(5) Duefo the distincti"", gravity flow principle. the Denver "Sub~A" Ceolls will treat " coane product as efficiently a·s " fine product, which oHen become. nee" .. ",,), wbe.e dump., bili"g~ or' low grade ore. a'e BOdted when their ... "L~ ... do .0+ permit the high cost of fin .. grindi.g,

FLOW5HEET A-JFor .. bulkor On. mineral notation eper .. tion.

FlOWSHEET B-For one miner.1 or b\ll~ Rotation opel",,+;on where oep"r"t.. deaner cell or eell$ ,ore nec~s'ary to pr,oduce .. high grade eeneen] ... t •• Witflo"t <;hanging, I .. undeO$, reed can b.iMroduc.d into ,econd or' third cell, uHIi~ng fird or first NO .,..U., "'.' cleaners. Clea,ne' {"i.ling' join the initi.1 fee·d "lUI recirculate tl1'1OU'gh, the maebine,

FLOWSHEET C-Wken u~illg .. malgam .. ,f;ion whe,e feag eDt. ca"not be ad-ded to grinding mill.nd no eondlfienlnq tanl: is- avallabl e, s econd cell i. us.d as emu isiner or eeadil;oner,.

FlOWSHEET O-Us.d "'!..re mlnerals ere do<elyu$oci .. ~ed and very line gr;,,,di09 is required fo free· val .. es, By rev .. ",;ng partttio,,_'. in cle'lDer cell, de ...... r failing,s can be disch .. rged from ,end of m •• hioe 1 .... t" a d of redr.C1JI~tlng. Clean.ftailings Cao' be re~ til_riled to grinding mill 10 u,.'., .. ~~. up" dlluffon, givingfurth.r grin-di 091 to middling particles.

I'LOWSHEEf E-Tre",tingore, Wneto it i. difficult to make .. !.igh g;rad'e concentr.'fe, due to fendency of other minerals t.Q float with miMral desired in concenh'd ...

FlOWSHE:H F ...... N"ry oft"n used on leo.d, re."d~~inc and otluu bue m"hl or., wh.r. grade of eencen+ra+a i, ·of first ;mport .... c." utilizing two st~ge cleanin,!, or deane. and racleanar eireuit,

FLOWSHEET 6-'W!.ere clcseesseelsflen of desired mineral, with oth ... mInerai or gangue, requires regrinding of " middling producf to produ.::e high grade concentrafewith low +aillnq,

[1I]

fLOWSHEET IN GOLD Mill USING JIGS AN.D ROTATION

SELECTIVE FLOTATION FLOWSHEET-ANY TWO MIN£RAJ.S

fLOWSH££T FOR PRODUCING ACIJ)- OR GRAVEl SPAR

Flaws eels Fro Melleng Planls

FlowslJeel No. I

THE DENVER "SUB-A" (F",hrenw"ld] Flotation Machine simplifoes Ro .... heet desig" low .. rs the forst cost of equipment, and .t the same time- reduces the cost of t.'eating ores .. nd produce ... hig her grad e selective product. Flow.heet No. I is typical of a gold bearing .ulphide- ore, wherein a major recovery of gold nlues i. m .. de by means- of tl>e Denver Miner.1 Jig, and subsequent reco.eries of gold and sulphide values .. re made by me"'15 of Denver "Sub-A" Flot". fion Machines. Data from ae+u .. 1 mill operation .hoW's th.t the Denver Miner .. 1 Jigs m._ke a fin.1 concentrate containing from 60 p .... ce-nt to &s high lOS as percent of the gold. The Denver "Sub-A" Rot .. tiol'l Mochine "ceollnts for addifional recovery of gold nIue, to bring t'he total plent recovery to 90-97 perce"t of the gold co"t"ined in the ore. This i. tha simplest flow.heat used in separating one min .. r~J from the g~ngue, and i. r,ec.ornmended where imporlanr .mount. of prado". met e ls are contained in an ore. In larger plants, utilizing flot .. tion for the recovery of one bd,e met .. 1 where precious met .. 1 Y.lue.~te of seco-nd .. ry im por+anee, a similer flowsheet but with tne substitution of tfte Denver Unit FtototiOll Cell in tha grinding circuit would be applicable.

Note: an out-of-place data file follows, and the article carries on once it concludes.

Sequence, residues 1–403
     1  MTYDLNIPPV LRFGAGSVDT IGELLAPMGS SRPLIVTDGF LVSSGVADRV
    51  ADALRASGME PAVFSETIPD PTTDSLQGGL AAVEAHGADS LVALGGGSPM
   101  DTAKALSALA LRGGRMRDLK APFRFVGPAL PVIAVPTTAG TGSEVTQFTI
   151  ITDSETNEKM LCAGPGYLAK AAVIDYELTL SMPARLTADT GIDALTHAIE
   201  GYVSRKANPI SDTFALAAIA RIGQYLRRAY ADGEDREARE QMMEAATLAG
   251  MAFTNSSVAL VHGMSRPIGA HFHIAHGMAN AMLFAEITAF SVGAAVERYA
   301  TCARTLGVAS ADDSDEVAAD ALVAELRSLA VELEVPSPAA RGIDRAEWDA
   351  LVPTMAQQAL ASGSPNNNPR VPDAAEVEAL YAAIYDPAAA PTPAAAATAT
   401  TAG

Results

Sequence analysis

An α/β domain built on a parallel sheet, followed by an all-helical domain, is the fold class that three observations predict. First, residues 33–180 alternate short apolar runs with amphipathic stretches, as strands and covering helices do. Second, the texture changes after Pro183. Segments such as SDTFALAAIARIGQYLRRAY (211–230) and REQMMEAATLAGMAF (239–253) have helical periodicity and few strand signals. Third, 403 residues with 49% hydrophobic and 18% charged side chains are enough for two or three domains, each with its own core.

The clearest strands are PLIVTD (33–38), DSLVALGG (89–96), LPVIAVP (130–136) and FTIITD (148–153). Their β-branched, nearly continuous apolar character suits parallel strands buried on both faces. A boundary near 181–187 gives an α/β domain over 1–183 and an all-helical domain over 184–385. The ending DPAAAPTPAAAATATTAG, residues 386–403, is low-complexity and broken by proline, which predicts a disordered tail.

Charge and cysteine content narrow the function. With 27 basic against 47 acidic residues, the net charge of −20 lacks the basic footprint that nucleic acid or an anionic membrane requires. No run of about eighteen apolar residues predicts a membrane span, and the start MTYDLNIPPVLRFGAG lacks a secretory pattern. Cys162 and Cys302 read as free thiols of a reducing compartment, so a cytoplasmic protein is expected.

FlowslJeel No.2

This fI ow~heet Ihows the uSe of Denver "Sub.A" Flof.Hon 'Ma. chines for .elective flotation producing high grade lead and zinc product s, The Denver Unit flotation Cell and Denver Mine.ral Jig recover 73.2 percent of the gold and 61.4- percent of the I .. ad in a concentrate that contain. only 2.3 percent rinc. Additiona) lead recovery ls made in the lead ~ection to give a tot" I recovery of '1l..4 percent of the lead in th" lead concentrate. The ~inc flohtion sedion recovers 68.8 percent of the zinc in .. corteentrate having averag,e gfdde of 59.b percent zinc. High rec:overi~, simlllfaneou5 witft high gr .. de products, are po«ible only through the use of Den ... er "Sub-A" Ffotofion Machines which are de.igne~ to incorporate noj only .uperior mechanic. I feahHe5, but, aLso fo apply fundamental flotation principles wHh the high .. st efficiency. A complete story of this mill is given ill Bulletin No. M<I-BI6.

FlowslJeel No.3

Thi' f1o ... ,-"eet shows the application cf Denver "Sub-A" Flotation Machine. in the non- metallic mineral industries, and i. typical of the flotation of fluorspa.r. In mills of this type an import.nt consider"tion in pl .. nt de.igll is the flexibility of the flow through II flotation m .. - chine in order to minimize installation com, ~eep the space required at a minimum, .. nd provide RexibilHy without necessity of m .. jor ehanqes, The Denver "SlIb·A" FloiMion Machine i. e;osily adapted to these conditions, as shown in this flowsheet. A few slight modifica· +iens m~l::e it po5>ible to discbarge.a final b.iling at tb .. end of pradically any number of eells that' may be desi.ed for rougber tlofation .. nd middlings can also be ~drawn oli at desired points. Concentrates can be de .. ned and recleaned as desired. A few simple changes which require only a few minutes to ma~e, rasu in the production of any 'Irode of concentrate de.i.ed. Denver "Sub-A" Flotation Machines are used in non-metallic flotation for freating either coarSe or fine materi"ls.